My latest musical obsession is the Black Keys.  Consisting of just two remarkably talented guys, Patrick Carney and Dan Auerbach, they have pumped out six albums over the last eight years which have earned them increasing critical acclaim.  Their style is usually categorized as blues rock, but I would call it classic rock with an R&B soul.  Actually, Carney’s drumming often creates a groove that has a distinct hip hop feel, such as on “Tighten Up,” the first single from their latest album, Brothers.  The album is an addictive collection of tunes that showcase Auerbach’s soulful guitar hooks, reminiscent of some of Jimmy Page’s best work with Led Zeppelin.  Though Auerbach’s renown as guitarist is well-deserved, it unfortunately overshadows his brilliance as a singer.  I find it difficult to think of another male vocalist today who has a voice with so much emotional color and depth.  So the guy is a rare double-threat, perhaps the best since Jimi Hendrix.

The lyrical themes on Brothers are consistent with the band’s blues core.  The songs are mainly lovesick meditations and like the best of the blues they tend to transcend the sorrows of relationships and touch on deeper issues regarding the human condition.  But the transitions are always seamless and authentic.  On the one hand (demonstrating he’s as natural a blues writer as he is a blues guitarist and singer), Auerbach effortlessly tosses off lines like these:

“There’s nothing worse in this world than payback from a jealous girl.  The laws of man, they don’t apply when blood gets in a woman’s eye.” (“Ten Cent Pistol”)

Or these lines from “The Go Getter”:

“Palm trees, the flat broke disease and L.A. has got me on my knees.  I am the bluest of blues.  Every day a different way to lose.”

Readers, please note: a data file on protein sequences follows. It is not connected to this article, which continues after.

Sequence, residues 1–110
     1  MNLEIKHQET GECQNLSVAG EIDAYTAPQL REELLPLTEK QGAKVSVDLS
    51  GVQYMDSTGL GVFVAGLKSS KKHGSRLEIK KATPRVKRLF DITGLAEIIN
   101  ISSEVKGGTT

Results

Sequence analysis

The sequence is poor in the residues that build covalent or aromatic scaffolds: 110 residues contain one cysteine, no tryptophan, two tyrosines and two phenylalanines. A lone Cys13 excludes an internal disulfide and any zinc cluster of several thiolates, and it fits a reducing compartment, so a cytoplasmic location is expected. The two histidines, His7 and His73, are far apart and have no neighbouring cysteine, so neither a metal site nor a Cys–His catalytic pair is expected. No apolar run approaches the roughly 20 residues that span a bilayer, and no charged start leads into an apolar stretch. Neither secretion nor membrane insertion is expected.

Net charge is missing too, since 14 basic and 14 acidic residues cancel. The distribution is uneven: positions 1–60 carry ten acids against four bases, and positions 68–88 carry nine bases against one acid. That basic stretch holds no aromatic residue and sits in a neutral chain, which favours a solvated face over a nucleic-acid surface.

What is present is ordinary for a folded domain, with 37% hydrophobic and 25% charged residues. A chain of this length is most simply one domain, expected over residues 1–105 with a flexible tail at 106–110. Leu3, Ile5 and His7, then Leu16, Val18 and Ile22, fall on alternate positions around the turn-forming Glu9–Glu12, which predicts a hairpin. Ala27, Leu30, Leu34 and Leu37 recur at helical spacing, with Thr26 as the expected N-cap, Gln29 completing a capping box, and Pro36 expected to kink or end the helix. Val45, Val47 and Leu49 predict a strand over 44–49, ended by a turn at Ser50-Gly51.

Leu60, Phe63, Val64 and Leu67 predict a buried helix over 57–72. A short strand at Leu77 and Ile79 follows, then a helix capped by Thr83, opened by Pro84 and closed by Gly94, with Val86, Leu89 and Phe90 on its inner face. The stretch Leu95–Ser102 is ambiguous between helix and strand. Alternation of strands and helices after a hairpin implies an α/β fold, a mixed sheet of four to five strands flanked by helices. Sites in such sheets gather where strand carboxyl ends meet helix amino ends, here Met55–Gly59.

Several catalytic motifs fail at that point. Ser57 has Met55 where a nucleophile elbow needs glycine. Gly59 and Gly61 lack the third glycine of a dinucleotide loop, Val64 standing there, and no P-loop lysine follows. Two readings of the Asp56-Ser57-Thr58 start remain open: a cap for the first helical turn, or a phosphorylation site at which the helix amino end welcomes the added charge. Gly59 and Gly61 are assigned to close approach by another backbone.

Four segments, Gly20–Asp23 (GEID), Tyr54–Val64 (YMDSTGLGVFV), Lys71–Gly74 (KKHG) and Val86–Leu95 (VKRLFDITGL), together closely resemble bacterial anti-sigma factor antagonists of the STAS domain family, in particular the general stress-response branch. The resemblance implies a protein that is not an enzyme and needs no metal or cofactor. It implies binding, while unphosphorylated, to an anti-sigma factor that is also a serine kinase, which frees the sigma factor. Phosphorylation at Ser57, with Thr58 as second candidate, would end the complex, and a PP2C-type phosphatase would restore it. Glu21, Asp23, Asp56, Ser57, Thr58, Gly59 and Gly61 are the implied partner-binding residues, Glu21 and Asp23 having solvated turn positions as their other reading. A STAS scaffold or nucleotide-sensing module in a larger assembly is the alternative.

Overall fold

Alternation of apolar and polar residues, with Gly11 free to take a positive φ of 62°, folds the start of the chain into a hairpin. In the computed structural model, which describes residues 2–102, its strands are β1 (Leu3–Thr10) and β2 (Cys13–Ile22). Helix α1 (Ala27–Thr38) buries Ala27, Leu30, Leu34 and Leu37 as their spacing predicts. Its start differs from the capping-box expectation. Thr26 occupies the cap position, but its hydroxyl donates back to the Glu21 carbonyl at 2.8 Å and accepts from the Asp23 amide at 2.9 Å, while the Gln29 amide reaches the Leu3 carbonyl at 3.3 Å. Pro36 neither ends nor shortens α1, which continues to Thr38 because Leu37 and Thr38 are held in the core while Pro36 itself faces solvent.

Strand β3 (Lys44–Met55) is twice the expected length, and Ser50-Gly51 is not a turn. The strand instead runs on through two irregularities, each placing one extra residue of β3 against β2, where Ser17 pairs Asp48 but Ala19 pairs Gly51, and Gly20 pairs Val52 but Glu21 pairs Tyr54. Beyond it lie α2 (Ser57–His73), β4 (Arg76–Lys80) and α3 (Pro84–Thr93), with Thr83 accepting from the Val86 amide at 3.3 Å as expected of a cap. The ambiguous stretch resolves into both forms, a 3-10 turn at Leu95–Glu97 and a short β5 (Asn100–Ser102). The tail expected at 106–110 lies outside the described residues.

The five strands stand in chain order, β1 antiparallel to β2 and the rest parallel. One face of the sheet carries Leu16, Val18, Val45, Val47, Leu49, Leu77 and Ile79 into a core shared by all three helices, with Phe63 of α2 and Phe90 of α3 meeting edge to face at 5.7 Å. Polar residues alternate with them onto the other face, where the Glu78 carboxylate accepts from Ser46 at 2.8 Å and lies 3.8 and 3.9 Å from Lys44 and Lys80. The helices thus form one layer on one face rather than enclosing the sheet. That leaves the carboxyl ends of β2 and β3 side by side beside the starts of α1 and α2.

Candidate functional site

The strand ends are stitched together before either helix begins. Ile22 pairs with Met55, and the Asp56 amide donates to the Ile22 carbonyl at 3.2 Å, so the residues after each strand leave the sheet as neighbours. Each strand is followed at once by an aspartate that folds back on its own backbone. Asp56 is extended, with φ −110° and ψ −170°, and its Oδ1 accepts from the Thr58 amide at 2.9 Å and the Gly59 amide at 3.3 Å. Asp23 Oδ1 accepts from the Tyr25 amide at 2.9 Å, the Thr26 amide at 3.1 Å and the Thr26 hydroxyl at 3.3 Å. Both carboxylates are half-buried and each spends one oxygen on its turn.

But then the bigger spiritual struggle emerges in several songs on Brothers, perhaps prompted by all of the sorrow and loneliness.  This comes through powerfully on “Sinister Kid”:

“A sinister kid is a kid who runs to meet his maker, a drop dead sprint from the day he’s born straight into his maker’s arms.  And that’s me, the boy with the broken halo.  That’s me…  The devil won’t let me be.”

And on the album’s pleading closer, “These Days”:

“Watch what you say.  The devil is listening.  He’s got ears that you wouldn’t believe.  And brother once you go to him, it’s your soul you can never, never retrieve.”

Indeed.  On Brothers the blues themes of the Black Keys seem to be traveling a similar path as that traveled by Bob Dylan and Johnny Cash, among others.  The pain brings world-weariness, to be sure, but not bitterness.  Rather, a certain humility that is willing to consider how all of our striving on earth amounts to much more than merely earthly striving.  It is also a humility that is willing to entertain heavenly hope, as is evident on “Unknown Brother,” a poignant message to Auerbach’s brother-in-law who died young:

“For you, unknown brother, my baby’s mother is pained.  ‘Cause your soul is in heaven, but your memory remains.  Unknown, unknown brother, I’ll meet you some day.  We’ll walk through fields where children play.”


3 Responses to “The Black Keys’ Brothers: A Review”

  1. Jason


    An excellent album indeed! I feel like a chump for a) not catching them when the opened for KOL last year and b) not getting a ticket to this year’s show before they sold out. Check out their appearance on ACL if you haven’t yet. Have you picked up any of their others? Do you have suggestions to offer in that regard?

    • Jim Spiegel



      I do have their Attack and Release album, which is the one just before Brothers—released in 2008. Its very strong, too, but a bit more raw and not as musically interesting as Brothers. I like the direction they’re going and hope they continue to evolve and experiment.

    • Jeff


      I have recently been turned on to them and checked out a face-melting show they put on here in Cleveland recently. It was a hometown show (they are from Akron) and despite a sub-optimal venue (Quicken Loans arena) they put on a very tight and energetic set. After the show I picked up “Rubber Factory” and have not been disappointed. Each track seems better than the next. Highly recommended!


Leave a Reply

  • (will not be published)